Next up we have a case about (un)Happy Trails. Mr. Demarest owns some property in Underhill, adjacent to (former) Town Highway 26. Before Mr. Demarest bought the property, the Town reclassified TH26 into three segments, one of which was a trail. There was some—okay, a lot of—fighting about this, with Mr. Demarest and neighbors challenging the Town’s “trail” reclassification and looking for the Town to maintain the whole road. Ultimately, the Town’s reclassification-to-partial-trail decision gets upheld by SCOV in 2013. In 2015, Mr. Demarest wanted to subdivide his property and use the trail for highway access for the proposed subdivision. The Town said no to both the subdivision and vehicle-over-the-trial access. And so the parties ended up back in court—“back” being the operative word here. The trial court granted summary judgment to the Town, reasoning that Mr. Demarest’s right-to-access claims were suspiciously similar to his prior claims and could have and should have been litigated before. The SCOV majority affirms the trial court (there’s also a scuffle over selectboard discretion when it comes to allowing vehicle access over the trial, which goes nowhere). Justice Robinson dissents, reasoning that the two proceedings were different and that Mr. Demarest’s claims for right-to-highway access were neither logically tied to nor reasonable to anticipate in the prior litigation. Demarest v. Underhill, 2021 VT 14.
Four opinions—or more accurately, three opinions and a paragraph—the week of February 19.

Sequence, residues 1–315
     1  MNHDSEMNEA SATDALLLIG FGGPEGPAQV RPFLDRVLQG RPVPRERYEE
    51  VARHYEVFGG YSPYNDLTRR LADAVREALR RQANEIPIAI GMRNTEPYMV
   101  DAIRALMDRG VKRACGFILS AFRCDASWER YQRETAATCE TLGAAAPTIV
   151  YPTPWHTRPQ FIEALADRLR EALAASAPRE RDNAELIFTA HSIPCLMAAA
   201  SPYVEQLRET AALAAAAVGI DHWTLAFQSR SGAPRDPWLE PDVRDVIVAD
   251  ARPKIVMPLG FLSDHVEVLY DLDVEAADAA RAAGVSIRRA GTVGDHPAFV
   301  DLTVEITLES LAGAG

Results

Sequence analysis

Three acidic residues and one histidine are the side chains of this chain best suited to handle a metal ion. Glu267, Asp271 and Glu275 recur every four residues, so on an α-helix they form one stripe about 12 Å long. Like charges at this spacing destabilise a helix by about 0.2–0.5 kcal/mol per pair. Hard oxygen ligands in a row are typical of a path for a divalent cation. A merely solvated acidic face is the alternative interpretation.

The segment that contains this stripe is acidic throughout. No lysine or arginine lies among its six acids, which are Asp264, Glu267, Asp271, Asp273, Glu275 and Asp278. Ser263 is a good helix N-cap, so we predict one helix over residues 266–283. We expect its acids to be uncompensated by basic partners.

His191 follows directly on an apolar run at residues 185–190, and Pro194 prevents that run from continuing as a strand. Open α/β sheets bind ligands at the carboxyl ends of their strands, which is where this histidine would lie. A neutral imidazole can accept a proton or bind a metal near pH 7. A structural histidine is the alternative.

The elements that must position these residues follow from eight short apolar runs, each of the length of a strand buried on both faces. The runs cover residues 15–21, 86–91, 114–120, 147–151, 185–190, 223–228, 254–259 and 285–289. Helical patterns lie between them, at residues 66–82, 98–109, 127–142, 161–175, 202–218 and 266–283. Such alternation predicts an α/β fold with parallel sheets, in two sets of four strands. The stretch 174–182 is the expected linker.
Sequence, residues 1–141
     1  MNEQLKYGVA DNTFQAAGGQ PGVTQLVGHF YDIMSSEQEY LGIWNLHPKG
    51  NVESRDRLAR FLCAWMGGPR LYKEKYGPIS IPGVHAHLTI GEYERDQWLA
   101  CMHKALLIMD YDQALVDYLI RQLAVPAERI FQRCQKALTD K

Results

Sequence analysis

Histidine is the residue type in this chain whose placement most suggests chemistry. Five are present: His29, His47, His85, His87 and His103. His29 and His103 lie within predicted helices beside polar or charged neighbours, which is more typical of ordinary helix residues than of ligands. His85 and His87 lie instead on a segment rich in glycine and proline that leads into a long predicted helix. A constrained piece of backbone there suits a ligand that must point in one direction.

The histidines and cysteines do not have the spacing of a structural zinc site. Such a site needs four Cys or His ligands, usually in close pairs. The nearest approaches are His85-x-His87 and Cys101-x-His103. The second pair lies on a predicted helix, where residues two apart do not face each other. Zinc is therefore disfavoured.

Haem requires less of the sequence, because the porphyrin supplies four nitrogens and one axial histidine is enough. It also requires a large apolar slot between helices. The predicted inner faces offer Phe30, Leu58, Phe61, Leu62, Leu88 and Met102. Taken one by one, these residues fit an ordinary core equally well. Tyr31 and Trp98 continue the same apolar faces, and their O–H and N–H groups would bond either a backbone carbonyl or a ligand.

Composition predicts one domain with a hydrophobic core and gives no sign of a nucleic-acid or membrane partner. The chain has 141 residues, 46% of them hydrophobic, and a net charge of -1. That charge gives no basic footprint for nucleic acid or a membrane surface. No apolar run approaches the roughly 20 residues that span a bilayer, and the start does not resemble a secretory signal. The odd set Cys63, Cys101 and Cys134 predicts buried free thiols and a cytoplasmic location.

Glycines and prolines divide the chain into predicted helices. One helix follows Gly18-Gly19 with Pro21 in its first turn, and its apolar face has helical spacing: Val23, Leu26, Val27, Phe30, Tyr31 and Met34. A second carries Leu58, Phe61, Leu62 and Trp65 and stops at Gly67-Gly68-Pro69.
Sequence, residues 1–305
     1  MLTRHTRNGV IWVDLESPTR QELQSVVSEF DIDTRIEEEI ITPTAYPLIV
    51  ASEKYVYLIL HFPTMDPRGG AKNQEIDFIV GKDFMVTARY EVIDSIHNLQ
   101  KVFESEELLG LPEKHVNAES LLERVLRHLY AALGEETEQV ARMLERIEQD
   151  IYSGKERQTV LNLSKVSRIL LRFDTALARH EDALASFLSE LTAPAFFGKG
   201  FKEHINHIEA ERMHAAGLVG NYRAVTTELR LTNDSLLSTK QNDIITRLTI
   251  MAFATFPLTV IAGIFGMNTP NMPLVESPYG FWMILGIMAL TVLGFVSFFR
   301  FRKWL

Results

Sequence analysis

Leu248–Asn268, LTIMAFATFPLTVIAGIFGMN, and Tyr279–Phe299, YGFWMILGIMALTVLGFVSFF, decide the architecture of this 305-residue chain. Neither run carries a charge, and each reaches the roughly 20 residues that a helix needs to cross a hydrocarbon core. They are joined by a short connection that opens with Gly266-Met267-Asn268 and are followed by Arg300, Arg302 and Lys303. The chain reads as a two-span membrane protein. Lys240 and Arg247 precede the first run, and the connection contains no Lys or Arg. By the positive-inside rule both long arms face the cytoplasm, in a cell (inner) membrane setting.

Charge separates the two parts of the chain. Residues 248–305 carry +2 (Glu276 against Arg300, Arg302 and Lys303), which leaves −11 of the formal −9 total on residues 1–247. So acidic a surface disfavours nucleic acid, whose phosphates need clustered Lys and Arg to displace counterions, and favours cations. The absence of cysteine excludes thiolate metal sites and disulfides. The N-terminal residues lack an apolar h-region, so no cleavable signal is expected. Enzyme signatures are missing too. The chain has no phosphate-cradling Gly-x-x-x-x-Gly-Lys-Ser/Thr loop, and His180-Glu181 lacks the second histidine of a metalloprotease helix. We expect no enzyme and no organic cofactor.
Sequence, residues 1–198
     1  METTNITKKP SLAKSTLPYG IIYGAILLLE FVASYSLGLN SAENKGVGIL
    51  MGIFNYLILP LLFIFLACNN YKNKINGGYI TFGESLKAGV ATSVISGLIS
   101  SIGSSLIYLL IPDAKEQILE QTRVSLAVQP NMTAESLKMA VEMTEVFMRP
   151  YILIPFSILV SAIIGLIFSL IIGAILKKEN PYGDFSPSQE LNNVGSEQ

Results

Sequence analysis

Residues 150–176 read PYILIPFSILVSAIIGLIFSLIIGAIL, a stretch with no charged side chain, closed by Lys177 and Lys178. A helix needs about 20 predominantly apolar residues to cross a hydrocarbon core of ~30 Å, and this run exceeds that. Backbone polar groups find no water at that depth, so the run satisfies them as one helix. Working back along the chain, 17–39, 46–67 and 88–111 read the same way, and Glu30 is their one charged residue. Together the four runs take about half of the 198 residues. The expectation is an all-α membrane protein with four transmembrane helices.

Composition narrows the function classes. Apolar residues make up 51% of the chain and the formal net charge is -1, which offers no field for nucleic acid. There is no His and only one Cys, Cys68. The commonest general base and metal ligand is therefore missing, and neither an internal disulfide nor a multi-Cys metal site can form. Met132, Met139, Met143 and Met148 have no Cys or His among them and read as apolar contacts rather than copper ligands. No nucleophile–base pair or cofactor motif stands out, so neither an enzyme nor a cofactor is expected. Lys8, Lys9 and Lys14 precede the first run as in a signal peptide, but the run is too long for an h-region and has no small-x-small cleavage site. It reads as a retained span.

If you’ve never seen the Rick & Morty version of the Denver Fenton Allen transcript, here’s your chance. It’s NSFW, from a real court transcript. I mention it because I have a dark sense of humor and the claim in our first case is that attorney didn’t turn over all the discovery. Defendant is an attorney who was assigned over a decade ago to represent client-plaintiff in a federal narcotics case. Attorney provided a large portion of the file on an iPod and later on a thumb drive to client. He also apparently turned over some materials on paper. There were some materials that attorney wasn’t supposed to copy (Jencks materials) and he didn’t provide that stuff. When client went to bar counsel claiming that attorney had failed to turn over the file, bar counsel took a look and declined to refer for disciplinary proceedings, reasoning that attorney had in fact turned over the file (minus the Jencks materials). Undeterred, client filed a case in superior court for conversion against attorney. The trial court, similarly to bar counsel, reasoned that attorney had turned over everything that needed to be turned over to client and granted summary judgment in favor of attorney. Client appeals. On appeal, SCOV holds that “the file”—in this case, save for the Jencks materials—is client’s property and that while the trial court’s reasoning was correct to a point, the trial court shouldn’t have granted summary judgment without resolving whether client was entitled to a copy of the paper file attorney allegedly created for use at trial and whether client had received certain trial exhibits. This one gets kicked back to the trial court for further proceedings. Aguiar v. Williams, 2021 VT 8.